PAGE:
Even before we heard about the high water, we were alerted that we had beaver damage on our property.
Our trees have been wrapped in hardware cloth for almost two decades. Back in 2000, we arrived in early May to find that beavers had taken down 14 trees sometime during the month of April. They seemed to prefer trees with trunks 2 to 6 inches in diameter. The largest was a maple with 12-inch diameter trunk, that had towered over our big cottage. Nothing remained, but the denuded trunk. The beavers had stripped away all the branches and the bark. The smaller trees were entirely gone with only the telltale, beaver-gnawed spike remaining. At least they cleaned up their workspace.
I noticed last year that many of the trees had expanded and that some of the hardware cloth had popped off. I guess the beavers noticed too.
There might have been as many as 200 million beavers on the continent before Columbus arrived. Beavers were a huge part of the economy back in colonial days, which is the reason that you can find the image of beavers on the coat of arms for both Ontario and New York. It’s the national animal in Canada and the state mammal in New York. They were hunted to near extinction.
When Uncle Otis built the first of our two cottages in 1881, there were no beavers in the area. A “Thousand Island Sun” article in 1958 reported that there were now three beaver colonies in the Thousand Island region and indicated that the beaver population was on the rebound. That was nearly 60 years ago. Their numbers have increased dramatically since then.
In May, our daughter was sloshing out of the boathouse, stopped and pointed to something in the water between our boathouse and our neighbor’s boathouse and asked, “What’s that?”
I couldn’t see what she was pointing to, but heard a loud splash and knew it was a beaver slap. Beavers use their broad tails to slap the water, perhaps to scare away people or let other beavers know that “I’m here and this is how big I am.”
I saw the beaver a week later. I’d heard from other people on the island that it was a big beaver and they were right. I’ve never seen a beaver that big before.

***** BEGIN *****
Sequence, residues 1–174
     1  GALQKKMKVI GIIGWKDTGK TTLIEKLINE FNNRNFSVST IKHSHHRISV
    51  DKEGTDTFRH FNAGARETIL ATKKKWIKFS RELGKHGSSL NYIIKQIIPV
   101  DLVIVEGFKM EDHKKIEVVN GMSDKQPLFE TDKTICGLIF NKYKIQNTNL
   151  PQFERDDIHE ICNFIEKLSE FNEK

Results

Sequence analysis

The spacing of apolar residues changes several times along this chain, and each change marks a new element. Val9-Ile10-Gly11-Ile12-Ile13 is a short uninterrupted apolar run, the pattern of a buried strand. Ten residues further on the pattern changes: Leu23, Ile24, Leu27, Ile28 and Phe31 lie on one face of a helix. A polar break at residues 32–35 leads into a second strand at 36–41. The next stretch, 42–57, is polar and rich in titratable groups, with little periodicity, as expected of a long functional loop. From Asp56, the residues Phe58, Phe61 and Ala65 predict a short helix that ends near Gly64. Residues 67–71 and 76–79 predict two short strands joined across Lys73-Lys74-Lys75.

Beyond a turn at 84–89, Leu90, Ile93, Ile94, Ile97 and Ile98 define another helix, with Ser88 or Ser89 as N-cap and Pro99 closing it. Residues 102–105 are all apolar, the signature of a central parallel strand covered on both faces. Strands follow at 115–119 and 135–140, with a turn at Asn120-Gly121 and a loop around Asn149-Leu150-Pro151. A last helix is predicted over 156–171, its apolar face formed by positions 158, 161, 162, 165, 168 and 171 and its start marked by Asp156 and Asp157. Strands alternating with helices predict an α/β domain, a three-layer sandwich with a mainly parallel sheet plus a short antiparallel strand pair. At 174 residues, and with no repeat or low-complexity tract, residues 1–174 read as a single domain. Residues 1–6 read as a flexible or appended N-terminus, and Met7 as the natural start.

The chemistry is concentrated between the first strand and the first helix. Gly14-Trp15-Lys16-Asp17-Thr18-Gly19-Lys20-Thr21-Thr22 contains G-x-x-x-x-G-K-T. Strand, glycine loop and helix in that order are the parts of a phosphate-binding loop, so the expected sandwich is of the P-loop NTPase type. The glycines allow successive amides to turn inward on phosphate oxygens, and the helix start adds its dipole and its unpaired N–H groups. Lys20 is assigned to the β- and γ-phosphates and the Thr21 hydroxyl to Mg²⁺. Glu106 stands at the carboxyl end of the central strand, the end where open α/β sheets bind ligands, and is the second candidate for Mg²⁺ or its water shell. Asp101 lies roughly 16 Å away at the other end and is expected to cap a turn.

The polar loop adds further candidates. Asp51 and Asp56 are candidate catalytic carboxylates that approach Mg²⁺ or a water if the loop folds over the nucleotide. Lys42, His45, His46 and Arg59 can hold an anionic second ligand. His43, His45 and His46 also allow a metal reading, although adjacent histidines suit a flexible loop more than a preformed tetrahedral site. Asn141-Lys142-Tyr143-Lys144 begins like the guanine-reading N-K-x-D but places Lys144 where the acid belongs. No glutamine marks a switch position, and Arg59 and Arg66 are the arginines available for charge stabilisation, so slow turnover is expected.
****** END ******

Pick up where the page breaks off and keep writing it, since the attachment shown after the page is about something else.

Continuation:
This was just the first of many sightings. From the Internet, I learned it’s hard to distinguish between male and female beavers. So our neighbor named it Francis as that name can be either male or female. They’d seen a lot of Francis in June, especially in the evenings. Francis was spending a lot of time under their floating dock.
“Just one beaver? Are there others?” I asked. They’d only seen the one lone beaver.
That was odd. I thought beavers were social animals that usually lived in colonies. The Internet confirmed that, yes, beavers usually lived in colonies. I also discovered two other beaver facts: beavers never really stop growing, so the bigger they are, the older they are and they are monogamous.
So I came up with the scenario that Francis was an older beaver who had lost its mate and was striking out to live on its own for a while. I could hear Francis thinking, “I’m not ready to start that whole dating scene yet. I’ll just live on my own for a while. Hey, this looks like a starter kit for the lone beaver. It’s an instant roof over my head.”
(Can you tell I’m a fiction writer at heart?)
Our neighbors left for a few days and while they were gone Francis was busy. When they returned, their dock was bristling with branches. Francis was stocking its pantry. Beavers eat bark and early in the season they like evergreen twigs. I popped over to see what was on Francis’ menu for the coming week. There was birch, pine, oak, ash and---was that cedar? Was Francis eating our cedar trees? I pulled on my boots, rushed back to our point and sloshed down to the shade garden which is now under water and saw that Francis had been taking branches off our cedar trees.
My mother-in-law had planted and nurtured this row of cedar trees for two decades. The cedars provided a privacy screen from the public path and the shade for our shade garden. We’d already lost the shade tree that kept our big cottage cool on hot summer days. I didn’t want to lose the cedar trees. This was war. But a war I wasn’t sure how to fight.